New York State Comptroller Thomas P. DiNapoli today at the Investor Summit on Climate Risk at the United Nations announced a $2 billion increase to the New York State Common Retirement Fund's (Fund) low emissions equities index, doubling its investment. The Fund was the first public pension fund in the U.S. to create an index that excludes or reduces holdings in the worst carbon emitters and shifts investments to lower emitting corporations. The increased allocation, from the Fund's regular index holdings, raises the current value of the Fund's sustainable investments to more than $7 billion.
"We've successfully shifted significant holdings to lower carbon companies without losing value," DiNapoli said. "Our state pension fund is at the forefront of the worldwide effort to build a lower carbon economy. Our investment decisions and our shareholder engagements are a caution to corporations: if they're not helping build a decarbonized future, they may get left behind. Our strategy for sustainable, lower carbon investing is working and will continue to expand."
"Managing climate risk is key to protecting positive long-term investment returns," said the Fund's Chief Investment Officer Vicki Fuller. "The success of our low emissions index ensures its ability to expand further in the years to come and demonstrates to other institutional investors that we can decarbonize our portfolios prudently and without risking value."
"Today's announcement by the New York State Common Retirement Fund is a prudent and responsible step to manage the risks of climate change, and seize the opportunities of the clean energy future," said Mindy S. Lubber, president and CEO of the sustainability nonprofit organization Ceres, which directs the Ceres Investor Network on Climate Risk and Sustainability. The Ceres Investor Network includes more than 145 institutional investors who collectively manage over $22 trillion in assets. "Tackling climate change requires a colossal shift in investment capital flows toward clean energy and away from high polluting fossil fuel energy. This announcement helps achieve this shift, and provides an example of the kind of innovation institutional investors can undertake."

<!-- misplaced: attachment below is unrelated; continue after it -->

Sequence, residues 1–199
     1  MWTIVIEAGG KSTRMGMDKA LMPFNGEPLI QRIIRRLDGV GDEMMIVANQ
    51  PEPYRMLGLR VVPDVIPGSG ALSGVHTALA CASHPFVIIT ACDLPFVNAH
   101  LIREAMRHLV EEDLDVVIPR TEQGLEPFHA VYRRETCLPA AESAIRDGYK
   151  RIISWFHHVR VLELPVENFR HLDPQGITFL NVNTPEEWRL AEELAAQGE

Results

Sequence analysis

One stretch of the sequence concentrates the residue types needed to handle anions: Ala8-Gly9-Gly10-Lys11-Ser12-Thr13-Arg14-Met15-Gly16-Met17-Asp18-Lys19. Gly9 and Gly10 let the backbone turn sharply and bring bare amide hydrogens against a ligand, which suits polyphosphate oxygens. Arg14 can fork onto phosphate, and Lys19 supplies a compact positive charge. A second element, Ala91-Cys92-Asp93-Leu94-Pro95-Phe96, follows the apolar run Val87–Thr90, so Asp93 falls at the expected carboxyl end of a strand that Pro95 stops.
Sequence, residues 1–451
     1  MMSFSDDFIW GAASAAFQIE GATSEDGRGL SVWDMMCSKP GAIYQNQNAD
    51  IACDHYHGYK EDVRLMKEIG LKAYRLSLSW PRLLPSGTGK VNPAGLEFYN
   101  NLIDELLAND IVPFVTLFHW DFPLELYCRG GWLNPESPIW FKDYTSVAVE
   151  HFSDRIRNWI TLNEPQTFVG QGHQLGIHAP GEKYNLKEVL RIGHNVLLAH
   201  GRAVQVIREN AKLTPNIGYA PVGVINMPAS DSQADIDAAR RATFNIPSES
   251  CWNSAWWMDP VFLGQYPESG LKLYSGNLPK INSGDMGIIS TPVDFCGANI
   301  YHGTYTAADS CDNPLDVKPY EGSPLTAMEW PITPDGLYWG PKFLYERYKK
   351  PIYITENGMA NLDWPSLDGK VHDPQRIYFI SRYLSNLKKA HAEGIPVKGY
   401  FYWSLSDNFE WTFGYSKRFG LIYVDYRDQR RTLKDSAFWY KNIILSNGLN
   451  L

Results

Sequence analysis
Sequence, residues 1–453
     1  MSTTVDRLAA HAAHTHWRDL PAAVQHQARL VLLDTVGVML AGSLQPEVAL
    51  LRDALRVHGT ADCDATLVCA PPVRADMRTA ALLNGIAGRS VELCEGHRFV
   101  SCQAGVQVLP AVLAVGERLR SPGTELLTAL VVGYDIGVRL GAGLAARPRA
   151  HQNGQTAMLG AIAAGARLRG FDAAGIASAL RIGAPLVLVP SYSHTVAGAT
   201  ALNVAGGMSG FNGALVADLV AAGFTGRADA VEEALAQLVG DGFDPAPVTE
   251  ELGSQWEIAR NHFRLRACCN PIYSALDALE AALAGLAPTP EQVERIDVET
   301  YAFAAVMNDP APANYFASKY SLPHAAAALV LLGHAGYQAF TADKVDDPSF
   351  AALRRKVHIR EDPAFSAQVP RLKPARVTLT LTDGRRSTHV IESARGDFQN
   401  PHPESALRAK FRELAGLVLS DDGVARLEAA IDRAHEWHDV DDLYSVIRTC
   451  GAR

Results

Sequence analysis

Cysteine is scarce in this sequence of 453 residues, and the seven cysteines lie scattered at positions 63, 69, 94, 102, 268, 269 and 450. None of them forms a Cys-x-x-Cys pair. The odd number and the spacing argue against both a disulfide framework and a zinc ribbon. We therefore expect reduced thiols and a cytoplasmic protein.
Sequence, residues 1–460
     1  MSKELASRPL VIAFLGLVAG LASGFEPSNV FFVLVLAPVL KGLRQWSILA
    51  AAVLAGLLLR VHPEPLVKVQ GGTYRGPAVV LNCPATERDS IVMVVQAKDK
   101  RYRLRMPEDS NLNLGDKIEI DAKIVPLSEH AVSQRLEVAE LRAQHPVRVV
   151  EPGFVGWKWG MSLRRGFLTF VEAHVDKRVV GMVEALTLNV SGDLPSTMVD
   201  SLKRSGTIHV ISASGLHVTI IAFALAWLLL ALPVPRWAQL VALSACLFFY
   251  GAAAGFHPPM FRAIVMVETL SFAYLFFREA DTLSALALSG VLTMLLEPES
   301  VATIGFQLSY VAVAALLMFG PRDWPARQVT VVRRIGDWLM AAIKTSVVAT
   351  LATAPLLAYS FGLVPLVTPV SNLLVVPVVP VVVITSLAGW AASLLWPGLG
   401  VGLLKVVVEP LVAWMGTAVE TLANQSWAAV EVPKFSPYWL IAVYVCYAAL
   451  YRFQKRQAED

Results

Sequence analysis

"We applaud Comptroller DiNapoli for doubling the investment to the low emissions index fund," said Peter M. Iwanowicz, Executive Director of Environmental Advocates of New York. "Through these investments, the pension fund encourages innovation and moves companies closer to the 100 percent renewable energy economy we need."
The index, which is internally managed by the Fund, was developed with assistance from Goldman Sachs Asset Management (GSAM) and launched in January 2016. It is modeled on the Fund's existing indices of domestic stocks, particularly the Russell 1000, which are passive investments in the largest domestic companies with returns that match broad market performance.
"As we continue to face significant climate and environmental challenges, GSAM is committed to helping the Fund achieve its goal of identifying the risks and investment opportunities climate change presents to its long-term success," said Hugh Lawson, Global Head of ESG and Impact Investing at GSAM. "The Fund is a market leader in developing a multi-faceted and rigorous approach in doing this, and low emissions investing along with engagement is an important piece of this work."
The low emission index underweights stock ownership in some of the worst greenhouse gas emitters based on independent emissions data reported to the CDP (Carbon Disclosure Project) and increases investments in companies with lower carbon emissions with returns that closely track the Russell 1000 index. The carbon footprint of DiNapoli's low emissions index is 75 percent lower than its benchmark.
The low emissions index has performed as expected within close proximity to the Fund's indices posting an audited, annualized investment return of 16.5 percent from its inception on Jan. 1, 2016 to Dec. 31, 2017, compared with the Russell 1000's return of 16.8 percent.